18. The electrode assembly of claim 16, wherein the at least two electrodes include at least one anode and at least one cathode; and wherein the at least one cathode is electrically coupled with at least one corresponding lead at the proximally situated region, and the at least one anode is electrically coupled with at least one corresponding lead at the distally situated region.
19. The electrode assembly of claim 15, wherein the at least two electrodes are situated generally coextensively.
20. An electrotherapy arrangement implanted at an electrotherapy site, the electrotherapy arrangement comprising: an electrode assembly, including: a substrate; and at least two elongate electrodes secured to the substrate and electrically coupled to the electrotherapy site, wherein each electrode is situated such that proximal and distal ends of the electrode's ends are longitudinally opposing; and an electrotherapy signal generator circuit electrically coupled with the at least two electrodes and applying electrotherapy signaling to the electrotherapy site via the at least two electrodes; wherein the electrotherapy signaling generates an electric field through the electrotherapy site that is generally uniformly distributed along a longitudinal reference axis located in the electrotherapy site between an anode and a cathode of the at least two electrodes.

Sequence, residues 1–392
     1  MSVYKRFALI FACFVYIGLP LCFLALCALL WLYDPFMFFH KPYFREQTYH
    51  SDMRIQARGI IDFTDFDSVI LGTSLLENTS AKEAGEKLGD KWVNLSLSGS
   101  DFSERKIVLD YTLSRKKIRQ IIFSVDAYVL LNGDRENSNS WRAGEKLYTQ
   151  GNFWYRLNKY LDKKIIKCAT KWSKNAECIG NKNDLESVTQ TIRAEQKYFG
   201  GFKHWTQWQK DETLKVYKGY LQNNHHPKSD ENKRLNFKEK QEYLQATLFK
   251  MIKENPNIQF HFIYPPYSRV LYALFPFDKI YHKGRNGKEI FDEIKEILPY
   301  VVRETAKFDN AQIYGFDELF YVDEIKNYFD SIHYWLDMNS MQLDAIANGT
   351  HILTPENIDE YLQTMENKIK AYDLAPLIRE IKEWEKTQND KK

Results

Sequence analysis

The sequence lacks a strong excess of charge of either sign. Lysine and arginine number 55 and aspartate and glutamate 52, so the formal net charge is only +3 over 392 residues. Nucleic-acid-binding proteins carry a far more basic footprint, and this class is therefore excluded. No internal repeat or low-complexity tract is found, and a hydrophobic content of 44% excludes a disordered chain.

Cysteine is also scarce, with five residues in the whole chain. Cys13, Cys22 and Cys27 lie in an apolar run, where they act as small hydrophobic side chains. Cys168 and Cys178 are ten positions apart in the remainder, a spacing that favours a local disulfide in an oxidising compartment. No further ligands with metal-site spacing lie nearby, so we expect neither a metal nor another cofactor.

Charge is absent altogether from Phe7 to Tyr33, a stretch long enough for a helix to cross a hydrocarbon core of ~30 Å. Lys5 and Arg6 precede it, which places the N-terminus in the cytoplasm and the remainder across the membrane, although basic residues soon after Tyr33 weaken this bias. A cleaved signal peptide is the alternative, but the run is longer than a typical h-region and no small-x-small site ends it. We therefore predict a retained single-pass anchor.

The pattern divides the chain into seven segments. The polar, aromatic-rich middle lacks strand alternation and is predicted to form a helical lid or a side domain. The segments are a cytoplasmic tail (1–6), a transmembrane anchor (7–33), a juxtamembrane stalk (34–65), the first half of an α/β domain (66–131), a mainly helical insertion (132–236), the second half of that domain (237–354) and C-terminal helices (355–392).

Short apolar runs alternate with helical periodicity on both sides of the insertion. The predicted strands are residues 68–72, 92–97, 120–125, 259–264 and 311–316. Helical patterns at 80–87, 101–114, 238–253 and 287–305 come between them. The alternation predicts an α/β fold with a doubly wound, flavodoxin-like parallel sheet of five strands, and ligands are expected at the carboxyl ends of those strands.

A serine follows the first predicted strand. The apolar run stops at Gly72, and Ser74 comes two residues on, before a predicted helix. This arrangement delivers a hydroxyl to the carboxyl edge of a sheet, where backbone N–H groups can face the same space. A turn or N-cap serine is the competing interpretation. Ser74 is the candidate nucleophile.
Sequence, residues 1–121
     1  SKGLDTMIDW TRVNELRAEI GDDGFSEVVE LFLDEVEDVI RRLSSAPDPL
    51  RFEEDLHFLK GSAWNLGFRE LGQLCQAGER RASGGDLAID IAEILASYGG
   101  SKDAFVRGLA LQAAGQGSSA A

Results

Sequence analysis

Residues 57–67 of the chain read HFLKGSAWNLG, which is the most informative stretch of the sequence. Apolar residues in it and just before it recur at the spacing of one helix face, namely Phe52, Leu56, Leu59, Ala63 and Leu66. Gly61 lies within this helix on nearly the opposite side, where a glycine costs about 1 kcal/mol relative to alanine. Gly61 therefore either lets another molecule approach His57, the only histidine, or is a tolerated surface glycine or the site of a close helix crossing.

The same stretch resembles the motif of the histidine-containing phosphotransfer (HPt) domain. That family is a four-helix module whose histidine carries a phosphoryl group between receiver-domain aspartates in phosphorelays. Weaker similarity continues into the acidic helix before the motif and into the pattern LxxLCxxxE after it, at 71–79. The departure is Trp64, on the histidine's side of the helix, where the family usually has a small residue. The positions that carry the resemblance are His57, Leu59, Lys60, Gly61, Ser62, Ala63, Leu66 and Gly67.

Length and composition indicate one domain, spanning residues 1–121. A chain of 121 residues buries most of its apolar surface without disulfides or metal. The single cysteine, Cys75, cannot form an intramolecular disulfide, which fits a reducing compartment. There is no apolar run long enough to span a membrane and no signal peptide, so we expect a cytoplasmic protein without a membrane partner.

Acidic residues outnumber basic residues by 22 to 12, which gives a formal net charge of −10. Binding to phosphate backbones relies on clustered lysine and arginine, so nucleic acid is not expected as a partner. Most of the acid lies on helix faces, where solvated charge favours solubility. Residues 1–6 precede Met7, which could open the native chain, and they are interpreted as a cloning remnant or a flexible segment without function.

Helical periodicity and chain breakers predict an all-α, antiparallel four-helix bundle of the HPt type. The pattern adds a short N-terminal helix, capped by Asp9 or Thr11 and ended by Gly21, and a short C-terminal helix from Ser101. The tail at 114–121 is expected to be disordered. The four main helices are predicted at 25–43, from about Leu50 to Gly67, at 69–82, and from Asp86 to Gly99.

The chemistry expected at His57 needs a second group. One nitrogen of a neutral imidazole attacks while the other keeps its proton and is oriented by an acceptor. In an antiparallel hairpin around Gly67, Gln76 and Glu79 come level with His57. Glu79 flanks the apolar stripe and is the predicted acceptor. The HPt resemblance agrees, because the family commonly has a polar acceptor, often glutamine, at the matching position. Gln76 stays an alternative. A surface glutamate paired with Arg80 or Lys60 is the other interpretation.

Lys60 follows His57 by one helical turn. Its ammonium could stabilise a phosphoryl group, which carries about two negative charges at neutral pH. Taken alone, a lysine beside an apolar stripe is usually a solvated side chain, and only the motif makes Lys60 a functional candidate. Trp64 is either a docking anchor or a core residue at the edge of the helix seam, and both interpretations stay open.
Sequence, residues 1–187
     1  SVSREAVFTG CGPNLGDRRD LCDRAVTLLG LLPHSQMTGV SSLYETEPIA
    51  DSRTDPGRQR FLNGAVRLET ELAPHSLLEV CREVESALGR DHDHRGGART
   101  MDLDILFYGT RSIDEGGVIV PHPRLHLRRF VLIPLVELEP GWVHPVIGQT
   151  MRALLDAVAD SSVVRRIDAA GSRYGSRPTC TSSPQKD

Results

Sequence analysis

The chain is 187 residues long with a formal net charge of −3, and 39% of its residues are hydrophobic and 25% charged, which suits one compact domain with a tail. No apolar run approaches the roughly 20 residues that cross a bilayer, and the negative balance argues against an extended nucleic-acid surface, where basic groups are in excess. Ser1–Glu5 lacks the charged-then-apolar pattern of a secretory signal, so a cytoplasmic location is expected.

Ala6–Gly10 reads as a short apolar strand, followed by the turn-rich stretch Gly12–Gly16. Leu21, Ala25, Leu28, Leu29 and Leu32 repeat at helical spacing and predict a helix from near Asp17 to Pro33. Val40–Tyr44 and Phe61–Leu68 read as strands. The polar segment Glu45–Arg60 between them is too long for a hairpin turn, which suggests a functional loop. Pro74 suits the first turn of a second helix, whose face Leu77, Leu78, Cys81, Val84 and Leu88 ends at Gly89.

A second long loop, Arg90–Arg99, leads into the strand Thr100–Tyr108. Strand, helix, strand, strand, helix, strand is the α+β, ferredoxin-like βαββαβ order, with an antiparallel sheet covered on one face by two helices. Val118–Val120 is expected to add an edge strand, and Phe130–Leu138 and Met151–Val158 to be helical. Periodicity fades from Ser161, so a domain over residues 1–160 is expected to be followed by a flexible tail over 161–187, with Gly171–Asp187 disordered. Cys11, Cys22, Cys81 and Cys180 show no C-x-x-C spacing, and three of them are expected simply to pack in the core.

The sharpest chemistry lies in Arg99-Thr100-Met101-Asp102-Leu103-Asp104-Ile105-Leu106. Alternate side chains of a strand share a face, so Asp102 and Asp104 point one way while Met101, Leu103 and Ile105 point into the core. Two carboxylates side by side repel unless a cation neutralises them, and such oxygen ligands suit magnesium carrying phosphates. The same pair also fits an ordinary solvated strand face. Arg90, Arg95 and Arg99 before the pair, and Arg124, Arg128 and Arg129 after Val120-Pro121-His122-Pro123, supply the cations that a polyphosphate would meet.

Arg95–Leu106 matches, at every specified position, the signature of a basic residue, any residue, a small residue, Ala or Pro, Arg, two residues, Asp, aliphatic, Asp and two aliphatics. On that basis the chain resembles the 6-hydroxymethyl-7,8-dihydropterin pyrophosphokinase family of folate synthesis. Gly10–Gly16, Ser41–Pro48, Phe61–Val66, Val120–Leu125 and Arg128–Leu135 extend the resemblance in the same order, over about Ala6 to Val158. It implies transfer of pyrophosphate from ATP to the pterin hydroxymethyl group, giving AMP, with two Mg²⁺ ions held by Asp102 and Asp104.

21. The electrotherapy arrangement of claim 20, wherein the electrotherapy signaling is adapted to stimulate baroreceptors.
22. The electrotherapy arrangement of claim 20, wherein the electrotherapy signaling is adapted to stimulate at least one nerve.
23. The electrotherapy arrangement of claim 20, wherein the electrotherapy signaling is adapted to stimulate muscle tissue.
24. An implantable electrode assembly comprising: an implantable substrate; three elongate electrodes secured to the substrate, each electrode having respective proximal and distal opposing ends, wherein the electrodes are relatively situated such that each electrode is generally uniformly spaced along its length with respect to an adjacent at least one electrode, and an inner electrode is flanked on two sides by a pair of outer electrodes; wherein a first lead is connected to the inner electrode at the inner electrode' s proximal end positioned on one side of the substrate; and wherein a second lead and a third lead are connected to the outer electrodes at the respective proximal ends positioned on an opposite side of the substrate.